A major constraint is having the right people. In many instances, going international for marketplaces means building native sales and customer support teams. In some cases, you’ll be able to build those teams directly at your HQ. However, there are plenty of examples where companies ended up building local, on-the-ground operations, typically led by a newly recruited country manager. Ensuring that your team has a good understanding of local differences is often key, and a lack or inability to hire local leadership teams with an in-depth understanding of local market particularities is one of the main reasons we see companies struggling to internationalize.
Capital is a second resource that is hugely important here. You don’t want your international efforts to fizzle out due to an insufficient war chest. Hiring the right people, setting up operations, and conducting sales and marketing efforts all require capital.
Anecdotally, long before Booking became the hotel juggernaut it is today, it was actually a small startup battling incumbents and other industry scale-ups. At the time, the founders realized there was no point in going to the US as long as they weren’t able to fight their much-better-funded competitors. That’s why Booking opted to focus on second and third tier countries and cities where they faced little competition and were able to generate profits to fill up the war chest. Only when they felt confident they had the capital (and know-how) to outcompete their rivals, did they re-enter the US market.
Answering the “Where”: Finding markets that work for you
The final question you need to answer is, “Where do we want to internationalize?” As you’re preparing to internationalize, it’s important you do your homework, determining what market(s) would be attractive for your business. To do this effectively, I would suggest integrating a short-term perspective with a more long term view on what ideal markets are for you.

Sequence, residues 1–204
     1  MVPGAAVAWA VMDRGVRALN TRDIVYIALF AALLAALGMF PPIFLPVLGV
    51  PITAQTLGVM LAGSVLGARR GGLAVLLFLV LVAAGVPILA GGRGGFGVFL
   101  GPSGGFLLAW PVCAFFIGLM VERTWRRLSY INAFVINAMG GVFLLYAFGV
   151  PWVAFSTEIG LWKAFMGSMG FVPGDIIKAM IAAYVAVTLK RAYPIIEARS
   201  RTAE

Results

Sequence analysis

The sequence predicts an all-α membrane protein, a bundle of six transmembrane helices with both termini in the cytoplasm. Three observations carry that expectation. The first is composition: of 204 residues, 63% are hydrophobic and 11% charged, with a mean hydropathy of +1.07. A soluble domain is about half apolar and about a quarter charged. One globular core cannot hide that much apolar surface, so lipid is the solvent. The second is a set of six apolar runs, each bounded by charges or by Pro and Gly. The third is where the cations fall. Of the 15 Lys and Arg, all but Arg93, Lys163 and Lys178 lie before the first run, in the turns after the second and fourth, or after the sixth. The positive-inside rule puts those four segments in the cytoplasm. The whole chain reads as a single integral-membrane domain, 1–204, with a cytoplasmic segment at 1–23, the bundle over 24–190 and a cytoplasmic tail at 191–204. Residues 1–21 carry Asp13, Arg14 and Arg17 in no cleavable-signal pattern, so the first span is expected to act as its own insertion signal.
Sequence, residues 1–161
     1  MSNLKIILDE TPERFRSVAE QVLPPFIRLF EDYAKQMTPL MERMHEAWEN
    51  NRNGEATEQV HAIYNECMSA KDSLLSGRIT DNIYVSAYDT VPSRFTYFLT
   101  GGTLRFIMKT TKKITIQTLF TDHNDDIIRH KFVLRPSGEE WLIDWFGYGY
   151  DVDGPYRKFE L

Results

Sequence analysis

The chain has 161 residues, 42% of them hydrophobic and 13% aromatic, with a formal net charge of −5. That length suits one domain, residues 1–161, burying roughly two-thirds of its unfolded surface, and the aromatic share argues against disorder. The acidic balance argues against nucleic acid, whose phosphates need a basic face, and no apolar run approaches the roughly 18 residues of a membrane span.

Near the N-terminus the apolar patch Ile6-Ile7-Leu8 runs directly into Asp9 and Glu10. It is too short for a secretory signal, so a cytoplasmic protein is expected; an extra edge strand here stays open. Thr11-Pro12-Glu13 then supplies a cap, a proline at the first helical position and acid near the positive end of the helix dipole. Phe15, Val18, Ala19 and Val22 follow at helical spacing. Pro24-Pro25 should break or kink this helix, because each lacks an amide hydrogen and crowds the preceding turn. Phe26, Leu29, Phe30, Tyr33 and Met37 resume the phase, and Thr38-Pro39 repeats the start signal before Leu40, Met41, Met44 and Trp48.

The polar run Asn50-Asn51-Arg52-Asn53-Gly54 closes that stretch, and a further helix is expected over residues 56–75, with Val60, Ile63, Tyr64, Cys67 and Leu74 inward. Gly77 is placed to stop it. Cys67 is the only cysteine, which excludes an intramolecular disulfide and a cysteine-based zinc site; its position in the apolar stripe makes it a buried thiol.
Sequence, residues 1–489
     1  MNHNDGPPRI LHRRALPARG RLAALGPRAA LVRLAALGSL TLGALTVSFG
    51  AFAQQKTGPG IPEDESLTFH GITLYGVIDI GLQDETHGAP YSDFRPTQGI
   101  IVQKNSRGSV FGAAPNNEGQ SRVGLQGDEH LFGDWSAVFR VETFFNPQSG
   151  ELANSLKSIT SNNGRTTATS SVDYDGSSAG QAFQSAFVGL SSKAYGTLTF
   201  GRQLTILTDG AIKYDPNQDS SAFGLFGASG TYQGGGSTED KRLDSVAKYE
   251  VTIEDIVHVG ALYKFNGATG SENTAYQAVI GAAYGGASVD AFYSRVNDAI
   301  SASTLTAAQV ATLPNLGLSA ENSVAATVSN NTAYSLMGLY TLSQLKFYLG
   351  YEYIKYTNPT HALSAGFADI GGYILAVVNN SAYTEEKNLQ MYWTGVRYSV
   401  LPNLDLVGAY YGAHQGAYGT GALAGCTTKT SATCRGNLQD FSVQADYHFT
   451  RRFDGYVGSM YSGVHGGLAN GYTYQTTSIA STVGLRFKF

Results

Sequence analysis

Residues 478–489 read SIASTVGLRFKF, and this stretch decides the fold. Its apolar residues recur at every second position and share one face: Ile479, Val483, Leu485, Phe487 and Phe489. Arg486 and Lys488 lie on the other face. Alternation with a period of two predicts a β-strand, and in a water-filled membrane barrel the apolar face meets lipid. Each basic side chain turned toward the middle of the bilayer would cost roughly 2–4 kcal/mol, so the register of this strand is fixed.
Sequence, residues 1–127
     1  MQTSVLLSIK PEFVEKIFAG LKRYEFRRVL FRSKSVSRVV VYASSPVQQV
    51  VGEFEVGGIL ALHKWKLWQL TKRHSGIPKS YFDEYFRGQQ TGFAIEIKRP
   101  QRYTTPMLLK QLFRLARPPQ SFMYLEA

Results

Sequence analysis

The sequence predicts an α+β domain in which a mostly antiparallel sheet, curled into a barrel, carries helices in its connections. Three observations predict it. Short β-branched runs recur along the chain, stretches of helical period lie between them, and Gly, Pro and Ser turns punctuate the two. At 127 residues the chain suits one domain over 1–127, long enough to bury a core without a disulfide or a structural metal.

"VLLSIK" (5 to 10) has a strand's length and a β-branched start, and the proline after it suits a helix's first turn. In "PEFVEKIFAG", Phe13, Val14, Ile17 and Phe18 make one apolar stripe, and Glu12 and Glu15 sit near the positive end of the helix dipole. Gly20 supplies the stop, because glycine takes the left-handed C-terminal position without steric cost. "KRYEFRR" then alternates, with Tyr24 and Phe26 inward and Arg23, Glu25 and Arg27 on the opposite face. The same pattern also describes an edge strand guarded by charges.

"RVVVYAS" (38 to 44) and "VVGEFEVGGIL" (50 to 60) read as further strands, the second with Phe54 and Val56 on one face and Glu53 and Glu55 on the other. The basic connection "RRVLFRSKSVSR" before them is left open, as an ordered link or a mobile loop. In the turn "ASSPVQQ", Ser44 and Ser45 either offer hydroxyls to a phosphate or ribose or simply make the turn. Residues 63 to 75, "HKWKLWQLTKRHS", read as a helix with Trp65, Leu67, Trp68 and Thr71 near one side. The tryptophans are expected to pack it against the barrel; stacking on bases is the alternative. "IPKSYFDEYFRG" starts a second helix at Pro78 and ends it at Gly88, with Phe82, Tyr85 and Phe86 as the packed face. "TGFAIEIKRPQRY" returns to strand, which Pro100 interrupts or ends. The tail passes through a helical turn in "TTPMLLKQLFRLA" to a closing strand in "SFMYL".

Starting from the short term perspective, you focus on quick wins. Perhaps your marketplace already starts to get traction from international supply or demand, validated by inbound requests, web traffic, or other parameters. Perhaps some neighboring countries have similar language, making it easier for you to enter these markets without adding new staff to the team.
Following a longer term perspective, you might want to focus on other variables, such as where’s the biggest TAM, where do local demographics support your platform, and in what countries are local regulations supportive for your marketplace to operate.
When drilling down the question of “Where,” what you ultimately want to do is map all of the main market characteristics that either facilitate your marketplace business or present potential obstacles, and then rate them individually in order to determine an ‘attractiveness score’ per country. Founders typically do this by building a simple spreadsheet, where these characteristics are turned into line-items and then scored.
Solve PMF First
If there is one take-away from all of this, it’s this: don’t internationalize your marketplace before you have PMF in your first country.
The cost of premature internationalization is high. You layer unnecessary complexity onto your organization, scaling processes of which you’re not certain they work, and end up spending capital inefficiently. Especially in the current market environment, in which fundraising is tough, money is less abundant, and there’s a stronger focus on capital efficient growth. Scaling for the sake of ‘land grabbing’ with a less developed internationalization playbook and poor unit economics is a hard sell.
At the same time, even if you have PMF, you need to think twice before you internationalize. Is your home market large enough to support a big investment case? How much localization is required, and what’s the strain on the organization in order to do so? And do you have the right resources to internationalize successfully?
In any case, the decision to internationalize is an important one. You are reorienting your company from one to multiple markets with the risk of spreading yourself too thin. From a financial point of view, doubling down on the market where you already have PMF is typically more attractive than launching another market. Yet, at the same time, not expanding to other markets leaves your competitors with lots of time and space to move ahead and lock-in critical supply or demand.
As such, there are plenty of things to consider. That's why I recently sat down with the Rockin' Your Marketplace podcast to discuss the topic in depth. Whatever you decide to do in terms of internationalization, tread carefully and let these three questions guide you along the way. Best of luck, and feel free to reach out to our Marketplaces & Consumer team in case you want to discuss your company’s internationalization plans in more detail.